Here is a link on the species and some notes on a study in south-central New Mexico. Check out that cocoon. Amazing!

Agapema anona dyari

We now have encountered SIX individuals in the last two weeks around the property.

I'm hoping for number seven tomorrow.

This week in birds: Oct. 18-23

I realize that it hasn't actually been a full week yet, but it's close enough for our purposes! Sightings by Matt York (MY) and Heidi Trudell unless otherwise noted.

Oct. 19:
Blue-winged Teal - 5 females at Post Park
Belted Kingfisher - 1 heard at Post Park

domestic ducks - sometime in the last two weeks, someone left 5 white ducks (and a domestic mallard-type) at the park... fecal accumulation and feathers are piling up everywhere; it's very disappointing

Oct. 23:
GROOVE-BILLED ANI - heard (by MY only) at 9:35 AM on grounds at the Marathon Motel; it was not seen though positively identified by voice (we're hopeful that it has not left the area after all!)
Mountain Bluebird - flock of 6 seen around noon

[Edit: Oct 24 - Red-breasted Grosbeak - heard only, GROOVE BILLED ANI photographed!]

Notes:
The "usual suspects" are still present in good numbers in their expected places; Post Park still harbored a few Summer Tanagers, Yellow-billed Cuckoos, Black Phoebes, Lark Sparrows, gobs of Audubon's Yellow-rumped Warblers and Lesser Goldfinches. Only one American Goldfinch was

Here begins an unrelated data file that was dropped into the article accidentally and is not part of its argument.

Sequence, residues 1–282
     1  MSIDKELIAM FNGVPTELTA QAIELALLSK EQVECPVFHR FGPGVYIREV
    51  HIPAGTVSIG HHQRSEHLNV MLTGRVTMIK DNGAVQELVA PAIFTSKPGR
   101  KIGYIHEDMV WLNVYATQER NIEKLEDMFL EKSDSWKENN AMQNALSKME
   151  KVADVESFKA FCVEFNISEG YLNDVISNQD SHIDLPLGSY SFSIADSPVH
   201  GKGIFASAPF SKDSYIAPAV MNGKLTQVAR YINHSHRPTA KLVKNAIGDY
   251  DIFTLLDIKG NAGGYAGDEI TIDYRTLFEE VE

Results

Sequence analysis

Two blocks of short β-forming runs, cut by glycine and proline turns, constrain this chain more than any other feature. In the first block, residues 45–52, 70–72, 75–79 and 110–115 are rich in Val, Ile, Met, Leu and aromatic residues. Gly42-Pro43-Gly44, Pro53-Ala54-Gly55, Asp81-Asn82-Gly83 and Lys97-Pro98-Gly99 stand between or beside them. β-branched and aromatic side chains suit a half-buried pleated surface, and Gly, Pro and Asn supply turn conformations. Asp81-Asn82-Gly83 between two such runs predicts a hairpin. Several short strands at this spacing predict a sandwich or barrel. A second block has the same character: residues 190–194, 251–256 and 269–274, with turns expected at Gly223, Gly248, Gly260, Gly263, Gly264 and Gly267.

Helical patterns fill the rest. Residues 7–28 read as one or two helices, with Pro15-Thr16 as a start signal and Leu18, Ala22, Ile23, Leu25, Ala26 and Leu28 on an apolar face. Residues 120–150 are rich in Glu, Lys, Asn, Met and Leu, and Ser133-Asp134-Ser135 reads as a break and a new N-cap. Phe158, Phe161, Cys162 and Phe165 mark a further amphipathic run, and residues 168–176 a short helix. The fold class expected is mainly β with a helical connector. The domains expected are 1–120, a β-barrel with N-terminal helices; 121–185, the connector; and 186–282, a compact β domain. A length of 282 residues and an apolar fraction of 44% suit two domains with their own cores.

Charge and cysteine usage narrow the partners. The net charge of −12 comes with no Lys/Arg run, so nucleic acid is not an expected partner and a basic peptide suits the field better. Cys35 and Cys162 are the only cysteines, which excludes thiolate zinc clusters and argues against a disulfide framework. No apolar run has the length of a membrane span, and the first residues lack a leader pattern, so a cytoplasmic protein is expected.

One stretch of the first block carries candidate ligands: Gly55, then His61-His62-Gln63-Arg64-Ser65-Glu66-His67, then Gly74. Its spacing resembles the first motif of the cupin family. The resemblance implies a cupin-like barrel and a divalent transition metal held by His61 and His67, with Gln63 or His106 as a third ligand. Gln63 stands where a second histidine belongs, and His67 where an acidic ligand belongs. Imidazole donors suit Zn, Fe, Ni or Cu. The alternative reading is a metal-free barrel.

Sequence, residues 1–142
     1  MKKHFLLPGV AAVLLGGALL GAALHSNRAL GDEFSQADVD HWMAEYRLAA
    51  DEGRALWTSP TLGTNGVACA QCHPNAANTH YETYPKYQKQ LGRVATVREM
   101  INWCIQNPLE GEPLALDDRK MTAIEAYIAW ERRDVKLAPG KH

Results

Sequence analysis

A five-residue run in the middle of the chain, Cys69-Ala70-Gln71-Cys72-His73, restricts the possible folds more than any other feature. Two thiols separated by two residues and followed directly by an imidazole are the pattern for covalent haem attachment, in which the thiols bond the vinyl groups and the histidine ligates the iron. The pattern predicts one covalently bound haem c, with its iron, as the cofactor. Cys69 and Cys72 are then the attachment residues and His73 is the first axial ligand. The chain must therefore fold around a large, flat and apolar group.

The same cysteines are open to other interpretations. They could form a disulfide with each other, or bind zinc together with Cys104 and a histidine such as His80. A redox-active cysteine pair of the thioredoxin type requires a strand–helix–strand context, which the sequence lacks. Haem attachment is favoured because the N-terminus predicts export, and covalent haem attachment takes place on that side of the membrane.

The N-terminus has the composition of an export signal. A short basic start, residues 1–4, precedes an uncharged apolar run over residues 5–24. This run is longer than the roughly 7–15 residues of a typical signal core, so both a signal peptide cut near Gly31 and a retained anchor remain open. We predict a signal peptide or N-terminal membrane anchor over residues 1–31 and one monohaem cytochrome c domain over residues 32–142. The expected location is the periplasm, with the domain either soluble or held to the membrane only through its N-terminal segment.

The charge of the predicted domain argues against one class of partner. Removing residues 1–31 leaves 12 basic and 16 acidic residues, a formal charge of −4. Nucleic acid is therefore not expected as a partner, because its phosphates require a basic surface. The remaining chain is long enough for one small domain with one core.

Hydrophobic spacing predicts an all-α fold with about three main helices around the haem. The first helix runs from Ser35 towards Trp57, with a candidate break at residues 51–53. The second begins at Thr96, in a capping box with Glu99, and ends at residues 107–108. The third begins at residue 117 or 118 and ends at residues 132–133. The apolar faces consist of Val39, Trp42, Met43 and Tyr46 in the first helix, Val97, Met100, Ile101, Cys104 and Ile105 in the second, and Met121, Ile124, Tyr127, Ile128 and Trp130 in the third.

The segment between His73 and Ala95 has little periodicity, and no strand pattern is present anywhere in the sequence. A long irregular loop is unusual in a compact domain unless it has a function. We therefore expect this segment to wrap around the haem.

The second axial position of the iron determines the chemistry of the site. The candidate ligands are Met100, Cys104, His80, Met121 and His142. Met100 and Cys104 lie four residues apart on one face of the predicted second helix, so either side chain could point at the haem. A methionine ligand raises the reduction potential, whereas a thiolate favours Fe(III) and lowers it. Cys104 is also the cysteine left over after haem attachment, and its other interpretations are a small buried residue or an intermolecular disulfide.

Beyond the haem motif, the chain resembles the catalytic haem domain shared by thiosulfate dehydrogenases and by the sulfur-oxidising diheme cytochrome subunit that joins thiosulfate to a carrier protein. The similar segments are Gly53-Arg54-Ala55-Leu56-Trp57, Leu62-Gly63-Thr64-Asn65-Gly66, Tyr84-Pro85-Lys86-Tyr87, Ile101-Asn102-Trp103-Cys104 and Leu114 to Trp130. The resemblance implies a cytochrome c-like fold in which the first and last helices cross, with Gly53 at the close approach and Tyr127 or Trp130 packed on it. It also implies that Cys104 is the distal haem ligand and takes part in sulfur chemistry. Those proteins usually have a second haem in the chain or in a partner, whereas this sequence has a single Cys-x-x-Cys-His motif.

Marathon Motel has seen a decrease in Scissor-tailed Flycatchers around the property edges as they move out, but Curve-billed Thrashers, Cactus Wrens, Canyon Towhees and Say's Phoebe are active as ever, Brewer's Blackbird numbers continue to increase.

Around town, kingbird numbers have plummeted with the cooler weather that has moved in and no nighthawks have been noted. The vulture roost on the NE side of town continues to hold ~20 birds, but the hundreds from earlier in the month have certainly moved on. Swallows other than Northern Rough-winged Swallows (a group of 10-15) are also long gone.

Wilson's Warblers continue to taunt us with our vain hopes of other bright yellow warbler species. Red-shafted Northern Flickers have increased, Pyrrhuloxia have been loitering around the slab at our place as well as a stumpy-tailed Curve-billed Thrasher and the resident Inca Doves.

Monday, October 18, 2010

Moth-tober